Easing way for foot traffic

City sidewalk repair blitz begins

August 01, 2008|By John Fritze | John Fritze,Sun reporter

Hoping to clear a waiting list for sidewalk repairs that stretches back four years, Baltimore officials said today they will focus more attention - and an additional $2 million - on smoothing the way for foot traffic.

City transportation contractors will increase by two-thirds the number of sidewalk repairs completed in the city in this year, resurfacing nearly 650,000 square feet of cracked, washed out and uneven walkways.

"We get a lot of service calls for our sidewalks and our streets," Mayor Sheila Dixon said yesterday. "Some people think that we only drive cars in this city. But more and more people are walking."

Dixon's push on the sidewalks comes a year after the city Department of Transportation increased its budget for road improvements by about 70 percent - an effort paid for largely with bonds - and added more than 20 miles of bike lanes.

Baltimore plans to resurface 200 lane-miles of streets this year, a slight increase over last year and more than double what was paved in 2006, Dixon has said.

City Councilman James B. Kraft, who represents Southeast Baltimore, said fixing up sidewalks is a small thing the city can do to improve quality of life and make neighborhoods more attractive to pedestrians.

Dixon pointed to a recent ranking by a Seattle-based Web site called Walk Score that deemed Baltimore the 12th-most-walkable city in the country. The site noted Federal Hill, Fells Point and the Inner Harbor as particularly walkable.

"People look in neighborhoods. They see how they are, they see how they feel," Kraft said. "When they're clean and green, people want to stay there. They want to move there."

In all, there are 3,600 miles of sidewalk in Baltimore, and a typical blocklong stretch can last 15 to 20 years.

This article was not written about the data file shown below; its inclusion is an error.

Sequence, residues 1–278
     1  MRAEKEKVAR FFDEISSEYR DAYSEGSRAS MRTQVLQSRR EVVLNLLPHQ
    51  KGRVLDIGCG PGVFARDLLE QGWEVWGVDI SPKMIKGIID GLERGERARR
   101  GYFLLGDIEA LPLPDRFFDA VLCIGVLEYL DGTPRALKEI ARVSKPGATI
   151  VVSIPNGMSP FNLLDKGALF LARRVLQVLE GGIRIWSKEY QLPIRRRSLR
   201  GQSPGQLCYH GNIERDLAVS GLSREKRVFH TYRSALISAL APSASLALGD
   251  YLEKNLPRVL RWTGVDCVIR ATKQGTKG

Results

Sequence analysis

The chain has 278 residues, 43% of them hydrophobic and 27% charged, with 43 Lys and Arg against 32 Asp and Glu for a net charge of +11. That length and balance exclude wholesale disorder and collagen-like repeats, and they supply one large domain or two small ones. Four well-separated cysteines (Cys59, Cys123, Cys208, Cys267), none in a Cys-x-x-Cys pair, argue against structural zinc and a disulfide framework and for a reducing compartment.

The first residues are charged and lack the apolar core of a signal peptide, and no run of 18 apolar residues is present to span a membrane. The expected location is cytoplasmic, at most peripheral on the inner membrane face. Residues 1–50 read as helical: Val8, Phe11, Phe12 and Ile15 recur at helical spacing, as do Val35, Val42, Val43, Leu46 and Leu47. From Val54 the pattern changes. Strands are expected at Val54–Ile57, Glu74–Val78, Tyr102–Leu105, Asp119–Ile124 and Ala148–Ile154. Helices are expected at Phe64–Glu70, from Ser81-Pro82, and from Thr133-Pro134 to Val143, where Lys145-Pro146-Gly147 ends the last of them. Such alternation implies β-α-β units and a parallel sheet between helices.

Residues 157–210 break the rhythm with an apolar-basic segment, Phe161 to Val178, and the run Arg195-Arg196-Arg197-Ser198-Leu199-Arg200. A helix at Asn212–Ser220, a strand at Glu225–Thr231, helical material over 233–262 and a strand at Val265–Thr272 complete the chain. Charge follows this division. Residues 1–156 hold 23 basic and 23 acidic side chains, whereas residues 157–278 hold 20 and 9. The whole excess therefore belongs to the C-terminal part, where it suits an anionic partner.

Tree roots and weeds that grow up between cracks in the pavement can hasten a sidewalk's deterioration.

City Hall pays for repairs if damage is caused by tree roots, water meters or utility poles.

In the 2008 fiscal year, which ended in June, the city repaired sidewalks in 2,700 locations at a cost of $2.5 million.

For the fiscal year that will end next June, the city has set aside $4.5 million and hopes to repair 4,500 locations.

If damage is triggered by normal wear and tear, property owners must foot the bill - at $6.50 a square foot.

If the entire sidewalk in front of a house must be replaced, the job can quickly add up to hundreds of dollars.

But the more pervasive problem many neighborhood leaders have faced is getting the city to respond quickly to requests for sidewalk repairs.

City transportation officials said they hope to eliminate the backlog in five years.

"I think it's a great idea if they can get it done quicker and do quality work on the streets and the sidewalks," said Susan Thompson, president of the Hampstead Hill Association south of Patterson Park.

Dixon said city sidewalk projects, and their status, will be placed on the city transportation department's Internet site.

Kraft said the best way residents can reduce the workload for sidewalk crews - most of whom are contractors - is to uproot weeds that grow up between the cracks. "If you pull them out, it's highly unlikely we're going to have to come back and fix that sidewalk for you," he said. In addition to borrowing more money for construction projects around the city, the Dixon administration has developed a flair for promoting those efforts. The city has dubbed its new project the "Sidewalk Sam" campaign.

The promotion, which will be carried on signs at construction sites, is named after 4-month-old Samson, the baby elephant at the Maryland Zoo in Baltimore. The signs feature a picture of an elephant.

"The role and responsibility of government is to take care of really basic, fundamental needs," Dixon said.


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